The Garden has an army of birds, insects and amphibians to control pests and diseases. By encouraging a diverse range of wildlife over many decades we have achieved a balance between pests and predators. We accept a low level of pests and some damage to plants but this means we rarely ever have to use chemicals.
In the hot and humid environment of the Glasshouse Range, pests can quickly become a problem, and here we employ an integrated pest management plan. This primarily uses biological control, so a range of predators are introduced through the season to control pests. In 1964, a tiny wasp, Encarsia, was collected in the Garden's Glasshouse Range which has proved a highly effective parasite of white fly. Encarsia is now bred in hundreds of millions and is a major component of biological control systems for pest management under glass. You will see little packets containing the eggs of this tiny wasp attached to plants throughout the Glasshouse Range.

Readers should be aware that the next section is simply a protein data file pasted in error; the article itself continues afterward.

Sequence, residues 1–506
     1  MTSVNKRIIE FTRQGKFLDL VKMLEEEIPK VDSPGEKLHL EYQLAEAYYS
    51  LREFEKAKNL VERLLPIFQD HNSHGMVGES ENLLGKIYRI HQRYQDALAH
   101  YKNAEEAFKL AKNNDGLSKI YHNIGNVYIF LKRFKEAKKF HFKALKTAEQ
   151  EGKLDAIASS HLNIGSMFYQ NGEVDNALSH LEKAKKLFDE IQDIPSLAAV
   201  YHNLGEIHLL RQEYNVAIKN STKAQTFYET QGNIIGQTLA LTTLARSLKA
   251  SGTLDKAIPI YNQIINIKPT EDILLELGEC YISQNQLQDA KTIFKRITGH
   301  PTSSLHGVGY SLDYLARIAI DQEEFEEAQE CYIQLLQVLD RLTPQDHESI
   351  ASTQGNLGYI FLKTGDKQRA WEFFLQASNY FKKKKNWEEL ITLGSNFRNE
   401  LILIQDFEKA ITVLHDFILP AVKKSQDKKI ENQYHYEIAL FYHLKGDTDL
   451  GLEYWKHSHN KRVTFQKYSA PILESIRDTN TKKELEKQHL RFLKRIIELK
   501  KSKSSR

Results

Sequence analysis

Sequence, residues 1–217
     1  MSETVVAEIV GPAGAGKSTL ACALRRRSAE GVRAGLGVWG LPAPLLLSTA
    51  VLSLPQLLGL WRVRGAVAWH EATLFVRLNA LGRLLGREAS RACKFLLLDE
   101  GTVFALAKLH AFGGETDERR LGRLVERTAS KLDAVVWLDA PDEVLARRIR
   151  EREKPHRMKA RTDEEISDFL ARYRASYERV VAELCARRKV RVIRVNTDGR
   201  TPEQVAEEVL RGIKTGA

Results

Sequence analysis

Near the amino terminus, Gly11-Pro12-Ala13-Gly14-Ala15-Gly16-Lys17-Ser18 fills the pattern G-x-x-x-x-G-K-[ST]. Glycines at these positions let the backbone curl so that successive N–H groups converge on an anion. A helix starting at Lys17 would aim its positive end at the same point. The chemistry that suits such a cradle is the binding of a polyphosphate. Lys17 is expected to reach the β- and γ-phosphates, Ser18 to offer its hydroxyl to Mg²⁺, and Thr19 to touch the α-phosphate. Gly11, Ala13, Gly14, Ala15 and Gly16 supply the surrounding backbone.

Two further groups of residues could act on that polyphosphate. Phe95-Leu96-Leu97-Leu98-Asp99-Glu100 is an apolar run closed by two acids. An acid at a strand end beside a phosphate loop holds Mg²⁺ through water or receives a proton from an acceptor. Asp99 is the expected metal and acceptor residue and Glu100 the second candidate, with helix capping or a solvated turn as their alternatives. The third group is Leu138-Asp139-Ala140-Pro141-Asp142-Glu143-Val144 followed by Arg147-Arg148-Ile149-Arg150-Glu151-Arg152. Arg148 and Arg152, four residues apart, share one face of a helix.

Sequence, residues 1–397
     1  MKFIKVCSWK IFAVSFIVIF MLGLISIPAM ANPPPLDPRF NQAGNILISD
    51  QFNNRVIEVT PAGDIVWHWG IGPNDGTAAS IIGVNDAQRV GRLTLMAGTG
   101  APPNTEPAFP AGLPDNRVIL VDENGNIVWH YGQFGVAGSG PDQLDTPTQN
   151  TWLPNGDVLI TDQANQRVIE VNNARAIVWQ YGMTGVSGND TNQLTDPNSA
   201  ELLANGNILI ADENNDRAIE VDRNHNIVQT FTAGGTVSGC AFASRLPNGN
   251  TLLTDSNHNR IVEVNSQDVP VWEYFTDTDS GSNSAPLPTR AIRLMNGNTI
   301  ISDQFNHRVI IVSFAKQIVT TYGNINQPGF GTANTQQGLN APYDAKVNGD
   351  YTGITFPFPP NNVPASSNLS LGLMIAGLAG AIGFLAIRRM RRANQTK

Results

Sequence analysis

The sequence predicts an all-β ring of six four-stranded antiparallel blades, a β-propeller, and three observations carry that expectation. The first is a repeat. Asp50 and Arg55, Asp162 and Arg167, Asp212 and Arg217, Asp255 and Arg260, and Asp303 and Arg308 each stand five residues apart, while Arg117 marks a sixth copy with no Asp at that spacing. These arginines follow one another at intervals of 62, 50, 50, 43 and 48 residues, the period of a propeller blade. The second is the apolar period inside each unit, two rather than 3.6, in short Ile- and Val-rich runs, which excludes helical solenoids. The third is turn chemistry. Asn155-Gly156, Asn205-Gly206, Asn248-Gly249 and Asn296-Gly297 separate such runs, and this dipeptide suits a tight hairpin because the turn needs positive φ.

Occasionally, if the pests become too numerous, we may use modern pesticides based on soap-like compounds which work by blocking the insects' breathing systems rather than by poisoning. This is both good for the environment and helps the predators gain the upper hand again.